Gene Summary

Gene:PTCH1; patched 1
Summary:This gene encodes a member of the patched family of proteins and a component of the hedgehog signaling pathway. Hedgehog signaling is important in embryonic development and tumorigenesis. The encoded protein is the receptor for the secreted hedgehog ligands, which include sonic hedgehog, indian hedgehog and desert hedgehog. Following binding by one of the hedgehog ligands, the encoded protein is trafficked away from the primary cilium, relieving inhibition of the G-protein-coupled receptor smoothened, which results in activation of downstream signaling. Mutations of this gene have been associated with basal cell nevus syndrome and holoprosencephaly. [provided by RefSeq, Aug 2017]
Databases:OMIM, HGNC, Ensembl, GeneCard, Gene
Protein:protein patched homolog 1
Source:NCBIAccessed: 31 August, 2019


What does this gene/protein do?
Show (54)
Pathways:What pathways are this gene/protein implicaed in?
Show (3)

Cancer Overview

Research Indicators

Publications Per Year (1994-2019)
Graph generated 31 August 2019 using data from PubMed using criteria.

Literature Analysis

Mouse over the terms for more detail; many indicate links which you can click for dedicated pages about the topic.

Tag cloud generated 31 August, 2019 using data from PubMed, MeSH and CancerIndex

Specific Cancers (6)

Data table showing topics related to specific cancers and associated disorders. Scope includes mutations and abnormal protein expression.

Entity Topic PubMed Papers
Skin, Basal Cell CarcinomaPTCH1 and Basal Cell Carcinoma (BCC) - Skin View Publications170
Basal Cell Nevus SyndromePTCH1 mutation in Basal Cell Nevus Syndrome View Publications147
MedulloblastomaPTCH1 and Medulloblastoma
In an exome sequencing study (Pugh et al, 2012) reported PTCH1 as one of 12 genes mutated at significant levels: with PTCH1 mutations in 7/92 patients (8%). In an ICGC deep sequencing study of 125 medulloblastoma tumour-normal pairs, (Jones DTW et al, 2012) reported PTCH1 in 8 (6%) of cases.
View Publications53
-PTCH1 and Cerebellar Neoplasms View Publications35
Stomach CancerPTCH1 and Stomach Cancer View Publications12
Cervical CancerPTCH1 and Cervical Cancer View Publications2

Note: list is not exhaustive. Number of papers are based on searches of PubMed (click on topic title for arbitrary criteria used).

Latest Publications: PTCH1 (cancer-related)

Zhu R, Gires O, Zhu L, et al.
TSPAN8 promotes cancer cell stemness via activation of sonic Hedgehog signaling.
Nat Commun. 2019; 10(1):2863 [PubMed] Free Access to Full Article Related Publications
Cancer stem cells (CSCs) represent a major source of treatment resistance and tumor progression. However, regulation of CSCs stemness is not entirely understood. Here, we report that TSPAN8 expression is upregulated in breast CSCs, promotes the expression of the stemness gene NANOG, OCT4, and ALDHA1, and correlates with therapeutic resistance. Mechanistically, TSPAN8 interacts with PTCH1 and inhibits the degradation of the SHH/PTCH1 complex through recruitment of deubiquitinating enzyme ATXN3. This results in the translocation of SMO to cilia, downstream gene expression, resistance of CSCs to chemotherapeutic agents, and enhances tumor formation in mice. Accordingly, expression levels of TSPAN8, PTCH1, SHH, and ATXN3 are positively correlated in human breast cancer specimens, and high TSPAN8 and ATXN3 expression levels correlate with poor prognosis. These findings reveal a molecular basis of TSPAN8-enhanced Sonic Hedgehog signaling and highlight a role for TSPAN8 in promoting cancer stemness.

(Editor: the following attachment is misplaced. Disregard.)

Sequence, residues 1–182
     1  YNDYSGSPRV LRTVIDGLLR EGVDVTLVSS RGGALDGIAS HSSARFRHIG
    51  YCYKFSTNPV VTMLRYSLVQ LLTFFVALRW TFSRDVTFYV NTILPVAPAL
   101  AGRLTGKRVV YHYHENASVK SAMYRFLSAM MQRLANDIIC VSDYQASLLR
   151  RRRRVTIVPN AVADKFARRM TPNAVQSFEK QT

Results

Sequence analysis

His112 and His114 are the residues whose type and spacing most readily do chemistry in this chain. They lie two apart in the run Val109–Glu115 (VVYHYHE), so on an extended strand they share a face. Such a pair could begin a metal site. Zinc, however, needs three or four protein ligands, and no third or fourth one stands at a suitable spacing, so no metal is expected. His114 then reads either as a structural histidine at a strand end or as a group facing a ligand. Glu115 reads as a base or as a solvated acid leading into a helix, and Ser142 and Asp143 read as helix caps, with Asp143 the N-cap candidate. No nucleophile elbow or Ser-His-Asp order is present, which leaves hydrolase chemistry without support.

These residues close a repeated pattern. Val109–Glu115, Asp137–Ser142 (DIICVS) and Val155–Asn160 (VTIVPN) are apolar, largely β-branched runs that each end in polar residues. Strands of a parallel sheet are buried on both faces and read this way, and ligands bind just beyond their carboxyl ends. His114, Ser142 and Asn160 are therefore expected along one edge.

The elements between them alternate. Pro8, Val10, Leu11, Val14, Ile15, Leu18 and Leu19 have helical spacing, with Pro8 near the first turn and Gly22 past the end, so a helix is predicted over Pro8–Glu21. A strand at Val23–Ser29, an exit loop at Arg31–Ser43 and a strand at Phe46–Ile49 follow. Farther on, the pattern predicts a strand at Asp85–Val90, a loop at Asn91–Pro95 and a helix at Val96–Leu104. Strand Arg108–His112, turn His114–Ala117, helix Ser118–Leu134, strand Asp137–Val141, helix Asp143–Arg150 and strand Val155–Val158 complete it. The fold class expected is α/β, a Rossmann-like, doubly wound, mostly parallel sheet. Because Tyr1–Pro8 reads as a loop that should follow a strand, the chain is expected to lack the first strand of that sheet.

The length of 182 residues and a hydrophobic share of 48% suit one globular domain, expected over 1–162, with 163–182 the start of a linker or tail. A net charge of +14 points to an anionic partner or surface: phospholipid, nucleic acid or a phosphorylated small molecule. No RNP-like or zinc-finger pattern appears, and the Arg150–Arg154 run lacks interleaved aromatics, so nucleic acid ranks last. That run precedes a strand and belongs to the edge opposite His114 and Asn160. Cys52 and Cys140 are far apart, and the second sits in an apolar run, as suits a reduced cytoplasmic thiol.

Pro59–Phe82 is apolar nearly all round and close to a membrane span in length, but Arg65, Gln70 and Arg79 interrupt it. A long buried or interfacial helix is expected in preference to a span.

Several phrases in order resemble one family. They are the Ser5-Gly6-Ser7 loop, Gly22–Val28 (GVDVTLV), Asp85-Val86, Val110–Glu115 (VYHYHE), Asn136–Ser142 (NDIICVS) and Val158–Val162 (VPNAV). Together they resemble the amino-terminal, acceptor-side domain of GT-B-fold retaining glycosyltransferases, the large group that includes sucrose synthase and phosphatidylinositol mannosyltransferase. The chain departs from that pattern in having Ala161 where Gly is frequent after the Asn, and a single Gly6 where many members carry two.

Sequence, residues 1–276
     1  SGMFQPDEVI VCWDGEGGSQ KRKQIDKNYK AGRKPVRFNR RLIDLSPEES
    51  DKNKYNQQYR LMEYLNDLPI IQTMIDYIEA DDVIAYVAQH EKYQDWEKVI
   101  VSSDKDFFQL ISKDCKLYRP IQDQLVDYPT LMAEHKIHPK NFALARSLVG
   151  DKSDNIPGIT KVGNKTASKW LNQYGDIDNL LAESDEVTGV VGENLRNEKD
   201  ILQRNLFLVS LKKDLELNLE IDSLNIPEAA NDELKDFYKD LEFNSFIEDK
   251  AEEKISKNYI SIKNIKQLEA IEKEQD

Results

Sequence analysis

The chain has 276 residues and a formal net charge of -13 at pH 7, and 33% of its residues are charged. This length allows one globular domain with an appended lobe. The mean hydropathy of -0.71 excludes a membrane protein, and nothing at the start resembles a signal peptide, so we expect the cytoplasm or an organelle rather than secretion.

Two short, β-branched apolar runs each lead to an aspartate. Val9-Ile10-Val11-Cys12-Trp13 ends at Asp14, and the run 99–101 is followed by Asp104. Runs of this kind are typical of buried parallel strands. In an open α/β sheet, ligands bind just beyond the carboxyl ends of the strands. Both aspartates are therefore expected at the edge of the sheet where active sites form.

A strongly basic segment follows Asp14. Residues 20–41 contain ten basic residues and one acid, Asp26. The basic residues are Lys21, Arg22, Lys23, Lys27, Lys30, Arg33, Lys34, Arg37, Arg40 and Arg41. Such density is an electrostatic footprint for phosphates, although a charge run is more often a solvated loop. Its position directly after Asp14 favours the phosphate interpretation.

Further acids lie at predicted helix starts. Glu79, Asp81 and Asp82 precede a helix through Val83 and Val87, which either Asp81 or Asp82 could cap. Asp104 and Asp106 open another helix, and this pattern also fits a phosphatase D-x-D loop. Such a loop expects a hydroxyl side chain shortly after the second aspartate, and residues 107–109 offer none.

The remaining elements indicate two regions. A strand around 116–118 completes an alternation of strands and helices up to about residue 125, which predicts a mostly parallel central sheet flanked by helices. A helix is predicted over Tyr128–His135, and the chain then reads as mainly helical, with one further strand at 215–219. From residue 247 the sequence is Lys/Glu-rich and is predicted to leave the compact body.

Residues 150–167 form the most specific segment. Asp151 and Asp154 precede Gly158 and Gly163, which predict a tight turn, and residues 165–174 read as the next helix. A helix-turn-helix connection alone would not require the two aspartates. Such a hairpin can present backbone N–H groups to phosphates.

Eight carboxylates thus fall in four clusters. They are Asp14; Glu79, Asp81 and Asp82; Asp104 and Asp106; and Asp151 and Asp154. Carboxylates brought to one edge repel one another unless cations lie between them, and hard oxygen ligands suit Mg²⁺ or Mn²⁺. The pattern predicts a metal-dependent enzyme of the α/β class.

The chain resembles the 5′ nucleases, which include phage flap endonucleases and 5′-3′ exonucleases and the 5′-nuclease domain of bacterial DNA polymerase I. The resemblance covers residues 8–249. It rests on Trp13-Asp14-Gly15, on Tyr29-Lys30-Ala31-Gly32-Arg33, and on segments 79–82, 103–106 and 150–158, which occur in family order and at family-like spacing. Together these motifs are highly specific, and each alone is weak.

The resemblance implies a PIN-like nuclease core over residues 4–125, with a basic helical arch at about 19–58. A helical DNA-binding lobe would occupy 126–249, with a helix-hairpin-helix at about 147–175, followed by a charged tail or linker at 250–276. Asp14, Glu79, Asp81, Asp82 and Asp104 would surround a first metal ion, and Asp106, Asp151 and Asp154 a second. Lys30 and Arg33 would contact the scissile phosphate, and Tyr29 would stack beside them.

Chen X, Yang F, Zhang T, et al.
MiR-9 promotes tumorigenesis and angiogenesis and is activated by MYC and OCT4 in human glioma.
J Exp Clin Cancer Res. 2019; 38(1):99 [PubMed] Free Access to Full Article Related Publications
BACKGROUND: Glioma, characterized by its undesirable prognosis and poor survival rate, is a serious threat to human health and lives. MicroRNA-9 (miR-9) is implicated in the regulation of multiple tumors, while the mechanisms underlying its aberrant expression and functional alterations in human glioma are still controversial.
METHODS: Expressions of miR-9 were measured in GEO database, patient specimens and glioma cell lines. Gain- and loss-of-function assays were applied to identify the effects of miR-9 on glioma cells and HUVECs in vitro and in vivo. Potential targets of miR-9 were predicted by bioinformatics and further verified via in vitro experiments. Transcriptional regulation of miR-9 by MYC and OCT4 was determined in glioma cells.
RESULTS: MiR-9 was frequently up-regulated in glioma specimens and cells, and could significantly enhance proliferation, migration and invasion of glioma cells. In addition, miR-9 could be secreted from glioma cells via exosomes and was then absorbed by vascular endothelial cells, leading to an increase in angiogenesis. COL18A1, THBS2, PTCH1 and PHD3 were verified as the direct targets of miR-9, which could elucidate the miR-9-induced malignant phenotypes in glioma cells. MYC and OCT4 were able to bind to the promoter region of miR-9 to trigger its transcription.
CONCLUSIONS: Our results highlight that miR-9 is pivotal for glioma pathogenesis and can be treated as a potential therapeutic target for glioma.

Skaro M, Nanda N, Gauthier C, et al.
Prevalence of Germline Mutations Associated With Cancer Risk in Patients With Intraductal Papillary Mucinous Neoplasms.
Gastroenterology. 2019; 156(6):1905-1913 [PubMed] Article available free on PMC after 01/05/2020 Related Publications
BACKGROUND & AIMS: Many patients with pancreatic adenocarcinoma carry germline mutations associated with increased risk of cancer. It is not clear whether patients with intraductal papillary mucinous neoplasms (IPMNs), which are precursors to some pancreatic cancers, also carry these mutations. We assessed the prevalence of germline mutations associated with cancer risk in patients with histologically confirmed IPMN.